It is hard to say whether the Alexa looks 'better' than 5219 or an image produced on any film emulsion. That's a very subjective question after all. It is also one that depends somewhat on the format you are shooting in and whether the film will be finished digitally or photochemically, projected digitally or on film, and whether the release prints will be done from an IN, from the original camera negative or from output DI negatives. If you ask me whether the Alexa can produce a more pleasing image (that is more pleasing to my eye) than film in a 1:85 format, I would say unequivocally yes! If you were to compare a print from an original anamorphic negative (a slower emulsion) with an equivalent wide screen image extracted from the Alexa, then I would say that, under optimum circumstances, the film image might be more 'pleasing'. But if you were to pose this same question whilst insisting that the the scene be lit by a single candle, I would say that the Alexa would win out every time. If you were to shoot using the Alexa and anamorphic lenses then the Alexa might win out over film in every circumstance including bright exterior sunlight.
My preference is to shoot spherical wide screen rather than true anamorphic. Judging the comparison between a wide screen extracted image from the Alexa and a Super 35mm film negative (both being viewed in a digital format) I would give the edge to that from the Alexa. However, the Alexa has a sensitivity of 800ASA and can be used at 1600ASA with only a slight noise increase. That has to be a factor in any comparison.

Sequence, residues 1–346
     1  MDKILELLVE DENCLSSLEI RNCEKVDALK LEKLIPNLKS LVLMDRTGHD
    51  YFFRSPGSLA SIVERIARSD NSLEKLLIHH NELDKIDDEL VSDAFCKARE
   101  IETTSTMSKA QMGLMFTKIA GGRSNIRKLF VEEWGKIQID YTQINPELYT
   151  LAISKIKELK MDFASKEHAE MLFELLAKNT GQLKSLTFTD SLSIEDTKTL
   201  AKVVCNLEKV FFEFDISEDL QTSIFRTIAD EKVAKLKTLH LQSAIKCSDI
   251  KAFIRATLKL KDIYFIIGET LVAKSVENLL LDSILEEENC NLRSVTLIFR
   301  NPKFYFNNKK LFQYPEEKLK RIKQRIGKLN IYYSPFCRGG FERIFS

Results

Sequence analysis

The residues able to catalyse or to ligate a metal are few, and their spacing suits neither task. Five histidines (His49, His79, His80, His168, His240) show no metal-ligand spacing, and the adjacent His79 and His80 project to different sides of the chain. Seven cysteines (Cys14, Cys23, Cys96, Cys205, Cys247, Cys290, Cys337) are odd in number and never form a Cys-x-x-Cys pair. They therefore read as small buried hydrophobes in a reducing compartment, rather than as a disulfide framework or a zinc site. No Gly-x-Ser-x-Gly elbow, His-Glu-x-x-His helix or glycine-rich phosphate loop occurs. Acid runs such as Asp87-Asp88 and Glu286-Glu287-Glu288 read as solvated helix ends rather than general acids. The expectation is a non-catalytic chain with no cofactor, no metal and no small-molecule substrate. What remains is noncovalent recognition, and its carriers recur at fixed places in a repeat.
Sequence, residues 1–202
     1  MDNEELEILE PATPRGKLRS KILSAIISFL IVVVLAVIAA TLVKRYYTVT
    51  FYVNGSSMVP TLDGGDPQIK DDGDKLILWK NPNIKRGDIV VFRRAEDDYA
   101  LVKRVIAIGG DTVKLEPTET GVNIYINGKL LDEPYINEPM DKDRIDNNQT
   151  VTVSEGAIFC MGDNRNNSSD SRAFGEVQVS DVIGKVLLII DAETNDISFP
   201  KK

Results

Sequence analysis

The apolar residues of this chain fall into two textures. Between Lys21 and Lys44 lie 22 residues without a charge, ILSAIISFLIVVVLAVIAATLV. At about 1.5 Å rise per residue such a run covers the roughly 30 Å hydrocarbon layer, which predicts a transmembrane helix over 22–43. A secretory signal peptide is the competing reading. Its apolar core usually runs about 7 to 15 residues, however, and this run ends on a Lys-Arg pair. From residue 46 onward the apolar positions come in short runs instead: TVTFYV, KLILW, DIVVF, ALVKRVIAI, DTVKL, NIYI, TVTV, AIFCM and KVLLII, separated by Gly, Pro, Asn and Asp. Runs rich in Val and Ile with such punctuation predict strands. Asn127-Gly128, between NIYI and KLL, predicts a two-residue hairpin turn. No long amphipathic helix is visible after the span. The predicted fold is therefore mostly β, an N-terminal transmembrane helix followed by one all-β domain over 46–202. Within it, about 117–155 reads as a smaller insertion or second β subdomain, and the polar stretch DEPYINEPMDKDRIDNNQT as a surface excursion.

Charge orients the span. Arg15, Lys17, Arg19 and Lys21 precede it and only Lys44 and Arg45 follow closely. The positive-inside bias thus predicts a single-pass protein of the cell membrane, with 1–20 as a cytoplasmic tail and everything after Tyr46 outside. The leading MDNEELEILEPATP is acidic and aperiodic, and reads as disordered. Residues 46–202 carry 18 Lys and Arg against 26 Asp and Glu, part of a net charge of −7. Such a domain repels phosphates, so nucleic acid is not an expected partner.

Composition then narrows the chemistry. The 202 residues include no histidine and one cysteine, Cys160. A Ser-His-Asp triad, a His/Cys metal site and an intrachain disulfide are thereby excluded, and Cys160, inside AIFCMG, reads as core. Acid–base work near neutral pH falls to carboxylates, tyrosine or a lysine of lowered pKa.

I don't believe Kodak has any real stake in the digital market. If they really can produce an emulsion rated at 2000 ASA, which is truly comparable to today's 500 ASA stock, then I think they should do it very quickly! The Alexa can produce an image equivalent to one shot on a 500 ASA film stock, but at a rating of 1600 ASA and it can do it now. It seems to me that film is limited by it's inherent physical properties but also, and more tellingly, it is limited in it's practicality as a business model.